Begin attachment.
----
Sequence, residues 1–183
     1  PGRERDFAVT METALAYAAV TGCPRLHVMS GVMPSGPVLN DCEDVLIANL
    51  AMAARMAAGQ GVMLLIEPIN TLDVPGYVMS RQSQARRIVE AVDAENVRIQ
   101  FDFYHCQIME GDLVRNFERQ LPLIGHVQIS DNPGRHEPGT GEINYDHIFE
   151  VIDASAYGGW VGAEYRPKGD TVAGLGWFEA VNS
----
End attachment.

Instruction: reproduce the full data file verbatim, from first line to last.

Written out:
Sequence, residues 1–183
     1  PGRERDFAVT METALAYAAV TGCPRLHVMS GVMPSGPVLN DCEDVLIANL
    51  AMAARMAAGQ GVMLLIEPIN TLDVPGYVMS RQSQARRIVE AVDAENVRIQ
   101  FDFYHCQIME GDLVRNFERQ LPLIGHVQIS DNPGRHEPGT GEINYDHIFE
   151  VIDASAYGGW VGAEYRPKGD TVAGLGWFEA VNS